English Writings of Hu Shin 3: National Crisis and Public Diplomacy

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The series of English Writings of Hu Shin collects English articles and English speeches written by Hu Shin from 1920s to early 1960s, most of which were published on influential English magazines and had great impact on the Chinese society then. According to subjects, the book is divided into three volumes as follows: Chinese Literature and Society, History of Chinese Philosophy and Thought, and National Crisis and Public Diplomacy, all of which are selected and compiled by Professor Zhou Zhiping, Columbia University. Articles in the English Writings of Hu Shin 3: National Crisis and Public Diplomacy are selected from literature of speeches written and made in 1912 to 1944. As Chinese Ambassador to the U.S., Hu Shin propagated the properties of Chinese Anti-war and its international significance to America and even the world, and strived for sympathy and support from America and international society to China.
Table of Contents
A Republic for China
Analysis of the Monarchical Restoration in China
Is There a Substitute for Force in International Relations?
Manufacturing the Will of the People
Reconstruction in China
The Pacific Changes Color
The Changing Balance of Forces in the Pacific
China's Chances of Survival
The Issues Behind the Far Eastern Conflict
The Westernization of China and Japan
To Have Not and Want to Have
What Can America Do in the Far East Situation
Japan's War in China
National Crisis and Student Life
The Far Eastern Situation
An Open Letter to the Guardian
The Meaning of October Tenth
The Present Situation in China
We Are Still Fighting
The Modernization of China and Japan
A New World Order Cometh!
China's Power of Resistance
Our Honorable Enemy
Factors Necessary for a Durable Peace in the Pacific Area: A Chinese View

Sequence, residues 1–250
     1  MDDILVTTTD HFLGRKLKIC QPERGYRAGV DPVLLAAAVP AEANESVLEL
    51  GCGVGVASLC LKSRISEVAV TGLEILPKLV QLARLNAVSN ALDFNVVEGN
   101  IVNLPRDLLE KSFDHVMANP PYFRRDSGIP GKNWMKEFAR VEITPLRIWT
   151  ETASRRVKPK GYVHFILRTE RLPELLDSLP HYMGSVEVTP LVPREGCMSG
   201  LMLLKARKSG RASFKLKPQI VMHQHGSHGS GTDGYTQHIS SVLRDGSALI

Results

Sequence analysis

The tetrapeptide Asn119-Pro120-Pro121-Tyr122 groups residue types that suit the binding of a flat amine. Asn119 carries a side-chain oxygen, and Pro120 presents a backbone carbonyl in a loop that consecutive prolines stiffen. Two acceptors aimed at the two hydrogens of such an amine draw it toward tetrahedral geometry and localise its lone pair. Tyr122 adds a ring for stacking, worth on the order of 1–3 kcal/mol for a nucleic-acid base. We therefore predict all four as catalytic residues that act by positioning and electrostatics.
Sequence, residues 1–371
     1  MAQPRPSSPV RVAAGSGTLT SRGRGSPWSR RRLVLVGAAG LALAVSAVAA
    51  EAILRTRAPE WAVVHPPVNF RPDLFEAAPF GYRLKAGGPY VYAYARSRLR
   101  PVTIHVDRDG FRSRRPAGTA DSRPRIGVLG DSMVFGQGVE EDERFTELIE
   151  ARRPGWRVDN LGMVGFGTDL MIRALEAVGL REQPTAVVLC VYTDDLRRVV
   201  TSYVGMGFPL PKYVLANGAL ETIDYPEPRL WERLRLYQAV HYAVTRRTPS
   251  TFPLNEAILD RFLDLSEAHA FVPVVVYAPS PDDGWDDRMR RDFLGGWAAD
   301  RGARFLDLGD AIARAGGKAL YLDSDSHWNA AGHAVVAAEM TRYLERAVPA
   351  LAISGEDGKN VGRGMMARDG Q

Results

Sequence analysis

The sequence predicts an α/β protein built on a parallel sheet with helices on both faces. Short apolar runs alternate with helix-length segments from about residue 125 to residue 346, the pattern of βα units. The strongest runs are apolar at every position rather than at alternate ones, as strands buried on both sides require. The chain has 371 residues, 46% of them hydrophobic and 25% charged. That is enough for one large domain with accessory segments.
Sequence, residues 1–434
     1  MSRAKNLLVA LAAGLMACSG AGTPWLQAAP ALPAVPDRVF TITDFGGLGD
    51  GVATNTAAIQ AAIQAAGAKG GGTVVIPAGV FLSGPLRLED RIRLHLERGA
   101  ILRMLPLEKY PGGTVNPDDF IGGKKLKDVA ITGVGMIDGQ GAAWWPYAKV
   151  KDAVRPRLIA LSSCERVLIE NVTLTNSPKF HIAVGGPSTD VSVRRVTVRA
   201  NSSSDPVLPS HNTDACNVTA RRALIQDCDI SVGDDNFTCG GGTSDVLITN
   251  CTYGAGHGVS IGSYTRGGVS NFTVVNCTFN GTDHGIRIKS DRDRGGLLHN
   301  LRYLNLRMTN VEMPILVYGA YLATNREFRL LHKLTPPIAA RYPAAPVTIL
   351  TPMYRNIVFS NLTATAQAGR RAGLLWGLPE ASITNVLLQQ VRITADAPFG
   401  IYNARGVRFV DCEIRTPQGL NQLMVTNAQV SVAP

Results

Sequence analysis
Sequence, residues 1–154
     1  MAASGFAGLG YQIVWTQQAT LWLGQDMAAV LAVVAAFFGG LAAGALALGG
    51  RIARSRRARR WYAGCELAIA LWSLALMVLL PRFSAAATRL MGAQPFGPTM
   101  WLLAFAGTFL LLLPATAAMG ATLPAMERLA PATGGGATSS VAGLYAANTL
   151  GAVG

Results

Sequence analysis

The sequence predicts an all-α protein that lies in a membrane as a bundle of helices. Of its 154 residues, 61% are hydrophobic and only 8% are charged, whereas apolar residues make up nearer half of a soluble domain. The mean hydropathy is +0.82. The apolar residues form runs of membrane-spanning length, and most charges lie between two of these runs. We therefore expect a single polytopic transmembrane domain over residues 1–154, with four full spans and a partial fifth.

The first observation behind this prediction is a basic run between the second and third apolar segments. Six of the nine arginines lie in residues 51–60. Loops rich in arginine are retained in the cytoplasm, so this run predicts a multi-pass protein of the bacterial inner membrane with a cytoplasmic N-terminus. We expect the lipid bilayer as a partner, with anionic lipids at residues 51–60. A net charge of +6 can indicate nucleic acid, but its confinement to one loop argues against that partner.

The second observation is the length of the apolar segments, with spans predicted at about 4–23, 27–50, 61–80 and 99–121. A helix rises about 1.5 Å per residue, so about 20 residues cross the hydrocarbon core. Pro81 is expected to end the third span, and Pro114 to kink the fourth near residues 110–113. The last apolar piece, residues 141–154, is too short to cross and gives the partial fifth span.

Speech Before the Economic Club of New York
China's Fighting Strength and Fighting Faith
Peace Has to Be Enforced
China, Too, Is Fighting to Defend a Way of Life
To Win and Keep the Peace
Asia and the Universal WorLd Order
Foundations of Friendship Between the Chinese and the Americans
Maker of Modern China: The Story of Sun Yat-sen
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Article I of the law provides that "the petitioning for a change in the form of the state shall be decided by the general convention of the citizens' representatives." ... The words "shall be decided by the general convention of the citizens' representatives" refer to nothing more than a formal approval of the convention, and are by no means intended to give room for discussion of any kind. Indeed, it was never intended that the citizens should have any choice between a republic and a monarchy. For this reason, at the time of voting all the representatives must be made unanimously to advocate a change of the republic into a monarchy. It behooves you, therefore, prior to the election and voting,privately to search for such persons as are willing to express the people's will in the sense above indicated. You will also make the necessary arrangements beforehand so that there may be no divergence of opinion when the time arrives for putting the question to a vote. 
Article Ⅱ provides: "The citizens' representatives shall be elected by separate ballot signed by the person voting. The person obtaining the greatest number of votes cast shall be declared elected." Now, the citizens representatives, though nominally elected by the electors, are in reality appointed beforehand by you acting as Superintendent of Election. The principle of separate signed ballot is adopted in this article with the object of preventing the voters from voting otherwise than as directed, and of awakening in them a sense of responsibility for their votes. Again, since the law says that the person obtaining the greatest number of votes cast shall be declared elected it is necessary for you to have everything prepared beforehand. You should prior to the voting, divide the electors into groups, and assign to each group the names of the persons intended to be elected.... Furthermore, deputies should be appointed to supervise the proceedings, and the voters are to be privately instructed to vote according to the secret list of names. In this way the persons elected will not be such as will get beyond our control.
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English Writings of Hu Shin 3: National Crisis and Public Diplomacy